A study that fails to do justice to a great writer: Updike
Adam Begley’s cold life of John Updike misses the man by focusing on the fiction
Author: John Updike. Photograph: Brian Snyder/Reuters
Even at its finest, biography is a difficult enterprise; claims of being revelatory and insightful may often turn out to be another way of settling a score or merely proving the stamina and tenacity of the biographer.
Adam Begley certainly brings commendable levels of meticulousness to his competent examination of the life of one of the acknowledged masters of contemporary fiction.
Opinions vary about the earthily ethereal John Updike, creator of Rabbit and author of Roger’s Version (1986) and so much more yet, sentence for sentence, at his best, few writers, living or dead, use language with such grace or perception. The sheer opulent grandeur, which he could summon with ease, proved the scourge of his detractors.
In Death of Distant Friends the narrator remarks of an old lady who has died: “She had always seemed ancient, she was one of those New Englanders, one of the last, who spoke of Henry James as if he had just left the room.” Even Nabokov would envy that.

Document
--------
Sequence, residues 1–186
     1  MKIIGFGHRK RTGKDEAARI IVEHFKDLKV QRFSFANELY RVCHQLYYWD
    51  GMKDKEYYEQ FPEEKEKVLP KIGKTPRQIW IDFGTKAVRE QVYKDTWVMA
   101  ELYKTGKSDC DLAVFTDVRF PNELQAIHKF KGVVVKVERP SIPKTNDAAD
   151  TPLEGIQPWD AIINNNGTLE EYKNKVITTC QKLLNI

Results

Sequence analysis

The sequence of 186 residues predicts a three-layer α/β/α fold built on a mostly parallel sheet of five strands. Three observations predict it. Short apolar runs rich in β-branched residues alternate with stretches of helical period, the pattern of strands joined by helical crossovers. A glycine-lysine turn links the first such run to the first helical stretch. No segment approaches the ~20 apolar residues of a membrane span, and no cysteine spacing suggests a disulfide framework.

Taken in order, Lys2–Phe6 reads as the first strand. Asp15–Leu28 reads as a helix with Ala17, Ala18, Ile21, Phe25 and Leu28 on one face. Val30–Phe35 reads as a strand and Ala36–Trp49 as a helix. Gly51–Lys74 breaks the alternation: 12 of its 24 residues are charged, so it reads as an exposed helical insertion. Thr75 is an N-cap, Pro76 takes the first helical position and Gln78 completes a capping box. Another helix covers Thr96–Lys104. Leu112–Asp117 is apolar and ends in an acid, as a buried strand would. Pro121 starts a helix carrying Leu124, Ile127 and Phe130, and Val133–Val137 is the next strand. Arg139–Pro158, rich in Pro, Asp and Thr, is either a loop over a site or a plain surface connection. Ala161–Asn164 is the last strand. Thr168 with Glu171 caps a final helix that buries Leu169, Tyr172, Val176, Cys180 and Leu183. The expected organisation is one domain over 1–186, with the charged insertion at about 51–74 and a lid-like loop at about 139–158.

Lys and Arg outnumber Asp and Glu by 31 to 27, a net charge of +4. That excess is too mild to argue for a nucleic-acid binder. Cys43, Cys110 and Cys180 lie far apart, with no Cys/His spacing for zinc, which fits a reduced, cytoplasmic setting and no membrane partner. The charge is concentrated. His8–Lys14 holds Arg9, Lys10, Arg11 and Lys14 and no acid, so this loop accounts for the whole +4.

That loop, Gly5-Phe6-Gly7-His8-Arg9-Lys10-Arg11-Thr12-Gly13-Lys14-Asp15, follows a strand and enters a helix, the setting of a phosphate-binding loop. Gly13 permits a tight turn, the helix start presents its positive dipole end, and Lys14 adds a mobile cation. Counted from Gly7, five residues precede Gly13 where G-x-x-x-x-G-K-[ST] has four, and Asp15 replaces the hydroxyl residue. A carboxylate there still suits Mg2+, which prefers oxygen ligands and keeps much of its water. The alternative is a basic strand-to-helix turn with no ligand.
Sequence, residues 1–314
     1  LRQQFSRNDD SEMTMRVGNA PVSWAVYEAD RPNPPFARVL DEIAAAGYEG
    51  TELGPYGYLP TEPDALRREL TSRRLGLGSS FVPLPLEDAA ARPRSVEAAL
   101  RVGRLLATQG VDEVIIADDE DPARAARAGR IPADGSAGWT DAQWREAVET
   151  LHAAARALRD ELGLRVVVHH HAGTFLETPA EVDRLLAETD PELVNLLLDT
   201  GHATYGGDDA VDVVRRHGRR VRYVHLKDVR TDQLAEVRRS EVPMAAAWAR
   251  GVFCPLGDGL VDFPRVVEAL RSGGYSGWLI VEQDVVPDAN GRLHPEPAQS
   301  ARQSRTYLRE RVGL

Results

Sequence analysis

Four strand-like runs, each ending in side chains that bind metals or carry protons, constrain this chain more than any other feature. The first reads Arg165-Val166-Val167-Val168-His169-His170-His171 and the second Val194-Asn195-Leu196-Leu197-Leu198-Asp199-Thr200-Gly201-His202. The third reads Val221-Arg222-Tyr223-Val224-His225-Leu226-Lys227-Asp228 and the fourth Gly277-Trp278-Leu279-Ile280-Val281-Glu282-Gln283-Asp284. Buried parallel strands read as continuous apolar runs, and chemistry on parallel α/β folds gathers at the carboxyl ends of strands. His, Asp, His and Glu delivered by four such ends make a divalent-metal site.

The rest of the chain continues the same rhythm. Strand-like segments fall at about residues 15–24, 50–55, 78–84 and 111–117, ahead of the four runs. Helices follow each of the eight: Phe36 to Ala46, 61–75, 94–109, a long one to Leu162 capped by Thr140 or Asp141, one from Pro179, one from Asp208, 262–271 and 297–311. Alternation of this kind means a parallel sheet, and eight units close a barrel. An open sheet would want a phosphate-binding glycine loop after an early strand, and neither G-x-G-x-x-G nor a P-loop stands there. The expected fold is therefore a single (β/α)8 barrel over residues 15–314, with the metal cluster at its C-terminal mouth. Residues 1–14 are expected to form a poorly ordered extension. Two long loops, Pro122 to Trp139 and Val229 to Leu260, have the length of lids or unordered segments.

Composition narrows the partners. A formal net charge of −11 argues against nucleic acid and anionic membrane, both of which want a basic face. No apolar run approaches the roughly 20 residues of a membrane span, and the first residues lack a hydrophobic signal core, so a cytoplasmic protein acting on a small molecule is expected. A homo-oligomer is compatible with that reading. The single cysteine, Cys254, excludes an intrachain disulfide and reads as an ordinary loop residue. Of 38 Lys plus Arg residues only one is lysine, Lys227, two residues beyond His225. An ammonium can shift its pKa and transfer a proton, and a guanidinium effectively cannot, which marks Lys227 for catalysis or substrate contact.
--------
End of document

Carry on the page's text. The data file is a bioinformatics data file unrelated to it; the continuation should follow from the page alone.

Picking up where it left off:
Reading any biography does involve dealing with far more than information about the subject; there is also having to establish a temporary pact with the biographer. This book is interesting mainly as a study in ambivalence. Had it not been about Updike, I would have abandoned ship by midway. Begley spent five years working on it and set out to read Updike’s work, of which there is a Herculean amount: the short stories, the novels, poetry and an oceanic array of literary and exhibition reviews, essays, humorous pieces and general journalism.
The early sections of the biography are dominated by the young Updike’s aspirations and his intense relationship with his mother, Linda, a determined woman, heroically committed to pursuing literary ambitions of her own. She is immortalised in one of his most beautiful stories, A Sandstone Farmhouse (from The Afterlife, 1994).
Readers of Updike will be familiar with much of Begley’s material, and very little of the flat-footed connections and cross-references which he makes with a righteousness which quickly overpowers his book, will surprise them. Instead as the narrative proceeds, a devoted Updike reader will become aware of a mounting irritation caused by Begley’s moralising tone and his laboured speculations about Updike’s inner motives.